Tired of Electric Bills? 5 Low-Cost Ways to Stay Cool in the Summer

We have it pretty good here in Colorado, especially during the summer. When the rest of the country is sweltering in 90-degree heat and 80% humidity, even our hottest days are bearable thanks to low humidity and cool evenings. That combination lets us put nature to work for us without being slaves to expensive air conditioning.

Here are some things you can do to cut down on your summer cooling bill:

Keep Hot Air Out

Our bright Colorado sunshine is a mixed blessing. Allowed to stream in unchecked, it can turn enclosed spaces like cars and buildings into heat traps. Windows become radiators, so blocking the sun out keeps the heat from flowing into rooms.

The best place to start is outside. Shade trees, awnings, pergolas, anything that blocks the sun from striking your windows will keep the heat from intruding.

The second line of defense is your windows themselves. Low-E double- or triple-pane windows trap the heat between the glass. Adding solar-control window films adds UV protection for your fabrics and reduces solar heat gain. It can be a less expensive solution for large expanses of glass that aren’t shaded.

Finally, drapes and blinds trap heat near and prevent walls, floors, and furnishings from heating up. Even sheer drapes trap heat while letting light in. Louvered blinds let you control the amount of light while trapping at least some of the heat.

Bring Cool Air In

Turn off your air conditioner and open your house up in the evening. If you have good cross-ventilation, that may be all you need, especially if you’re away during the day. You can increase the flow of cool air with a box fan placed strategically in a window or next to a screened door. Facing it out will force warm air out and draw cool air in from the other open windows; facing it in will force cool air in and warm air out. Even better, a whole house fan will move large amounts of warm air out and cool off a house quickly.

Then trap that cool air in come morning by turning off the fan and closing the windows. Even on hot days your air conditioner will at least start out ahead of the game.

Keep the Air Moving

Even if you don’t like the strong breezes of fans, the subtle movements of a ceiling fan keep air circulating enough to make you feel cooler. We perspire constantly, even in winter, and as air moves across our bodies, that moisture evaporates, creating a cooling effect. It’s the wind-chill effect you hear about in the winter, but it happens in summer, too, as long as the humidity isn’t too high, which isn’t often an issue in Colorado. A whole house fan set on its lowest speed will have the same effect, as will a strong fan placed in an adjacent room.

Stay Moist

When it comes to cooling, moisture can be your friend. The wind-chill effect mentioned above is part of it, but any time there’s moisture on your skin, evaporative cooling occurs. While outdoor misting systems are frowned on (even sometimes prohibited) due to the amount of water they waste, keeping a misting bottle like you use for your plants will have the same effect. Why should your plants get all the attention? And of course the effect is heightened with a gentle breeze.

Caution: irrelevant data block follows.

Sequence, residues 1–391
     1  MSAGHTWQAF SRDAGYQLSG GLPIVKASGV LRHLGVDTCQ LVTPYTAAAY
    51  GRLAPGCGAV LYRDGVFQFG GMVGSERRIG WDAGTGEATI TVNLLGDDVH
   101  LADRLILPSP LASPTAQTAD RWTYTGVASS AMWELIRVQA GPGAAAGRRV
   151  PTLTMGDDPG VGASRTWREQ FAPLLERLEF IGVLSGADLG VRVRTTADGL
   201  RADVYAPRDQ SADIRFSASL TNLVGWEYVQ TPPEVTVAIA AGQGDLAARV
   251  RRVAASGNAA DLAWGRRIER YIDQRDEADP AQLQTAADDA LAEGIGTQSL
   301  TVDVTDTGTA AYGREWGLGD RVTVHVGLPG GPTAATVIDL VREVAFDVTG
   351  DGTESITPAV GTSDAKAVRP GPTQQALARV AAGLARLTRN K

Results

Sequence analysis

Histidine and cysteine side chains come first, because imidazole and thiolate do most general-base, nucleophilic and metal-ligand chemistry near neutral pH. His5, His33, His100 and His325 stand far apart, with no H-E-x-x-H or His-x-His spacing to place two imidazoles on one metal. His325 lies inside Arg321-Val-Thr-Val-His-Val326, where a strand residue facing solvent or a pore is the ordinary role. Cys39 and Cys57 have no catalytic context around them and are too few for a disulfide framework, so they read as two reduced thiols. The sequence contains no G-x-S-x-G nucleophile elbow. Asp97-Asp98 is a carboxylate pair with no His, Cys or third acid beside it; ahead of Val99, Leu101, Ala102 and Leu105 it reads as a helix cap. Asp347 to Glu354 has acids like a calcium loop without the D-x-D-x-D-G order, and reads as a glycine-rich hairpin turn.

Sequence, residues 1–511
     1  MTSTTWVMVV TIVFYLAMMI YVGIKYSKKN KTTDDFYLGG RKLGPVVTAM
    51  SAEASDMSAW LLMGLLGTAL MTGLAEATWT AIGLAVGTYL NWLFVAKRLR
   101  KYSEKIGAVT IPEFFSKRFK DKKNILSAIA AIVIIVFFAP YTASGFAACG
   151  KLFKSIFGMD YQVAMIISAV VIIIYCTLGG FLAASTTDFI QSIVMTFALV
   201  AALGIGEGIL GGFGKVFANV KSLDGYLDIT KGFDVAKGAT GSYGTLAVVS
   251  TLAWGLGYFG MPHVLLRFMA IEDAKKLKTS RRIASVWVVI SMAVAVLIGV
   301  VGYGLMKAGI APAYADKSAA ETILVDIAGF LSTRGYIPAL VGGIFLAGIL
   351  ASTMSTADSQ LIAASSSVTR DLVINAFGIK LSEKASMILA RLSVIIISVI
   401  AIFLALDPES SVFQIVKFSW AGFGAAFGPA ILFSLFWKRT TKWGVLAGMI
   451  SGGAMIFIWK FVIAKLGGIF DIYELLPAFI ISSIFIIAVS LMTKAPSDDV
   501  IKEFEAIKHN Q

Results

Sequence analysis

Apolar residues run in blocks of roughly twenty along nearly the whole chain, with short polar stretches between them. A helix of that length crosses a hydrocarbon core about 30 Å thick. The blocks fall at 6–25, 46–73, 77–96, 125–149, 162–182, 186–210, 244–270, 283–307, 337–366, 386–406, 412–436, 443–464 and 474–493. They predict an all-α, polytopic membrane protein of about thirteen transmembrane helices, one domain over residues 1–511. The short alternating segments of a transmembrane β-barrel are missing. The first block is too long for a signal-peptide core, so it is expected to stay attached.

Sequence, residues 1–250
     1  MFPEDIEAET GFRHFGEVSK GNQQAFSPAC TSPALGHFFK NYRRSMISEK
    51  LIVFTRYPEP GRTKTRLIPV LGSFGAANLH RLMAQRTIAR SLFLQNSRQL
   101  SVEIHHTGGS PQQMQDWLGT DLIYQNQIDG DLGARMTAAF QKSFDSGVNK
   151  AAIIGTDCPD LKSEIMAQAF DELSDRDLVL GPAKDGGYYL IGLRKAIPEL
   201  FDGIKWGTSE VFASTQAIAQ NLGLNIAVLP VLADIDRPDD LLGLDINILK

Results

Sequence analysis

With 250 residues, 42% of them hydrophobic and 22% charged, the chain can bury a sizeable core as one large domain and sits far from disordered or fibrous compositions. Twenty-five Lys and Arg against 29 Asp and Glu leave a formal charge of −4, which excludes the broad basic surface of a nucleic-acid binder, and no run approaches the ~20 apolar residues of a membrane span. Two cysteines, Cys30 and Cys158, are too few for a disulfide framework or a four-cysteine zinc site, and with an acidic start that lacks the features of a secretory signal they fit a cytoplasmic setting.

And don’t overlook yourself. Everyone in Colorado knows the importance of staying hydrated, but did you know that it also plays an important role in regulating your body temperature? Plain water is best, but most liquids will do the job. Just avoid beverages like caffeine and alcohol that dehydrate you, defeating the purpose.

Don’t Add Unnecessary Heat

Avoid using appliances like stoves, ovens, and dryers that add heat during the day. If you must, see that they are properly vented to the outdoors. An exhaust hood will pull heat out of your kitchen, too. And switching to LED light bulbs not only saves energy, it greatly reduces heat, as well.

When These Measures Aren’t Enough

There may be days when you need your air conditioning despite taking other measures. Using a programmable thermostat will keep your energy use to a minimum. Set it to a higher temperature when you’re away and add cooling half an hour before you come home.

What those temperatures are depends on your personal preferences, of course. The EPA and Department of Energy recommend no cooler than 78 degrees when the house is occupied and 85 degrees when you’re away. They say 82 degrees is right for sleeping. While that may seem warm, remember that a ceiling fan will add evaporative cooling while you sleep.

You may disagree but use those settings as a starting point and make changes in one-degree increments until you find the temperature that’s right for you. Give your system about half an hour to stabilize before making further changes.

Or consider sleeping outdoors on a screened porch. Just be sure to bring some blankets.

You’re in Colorado, after all.

 If you need whole house, exhaust, or ceiling fans installed, or any other electrical work, Allstar Electrical Services is ready to help. Give us a call at (303) 399-7420 or visit our website. We’ve served the Front Range for over 15 years and are top-rated by the BBB.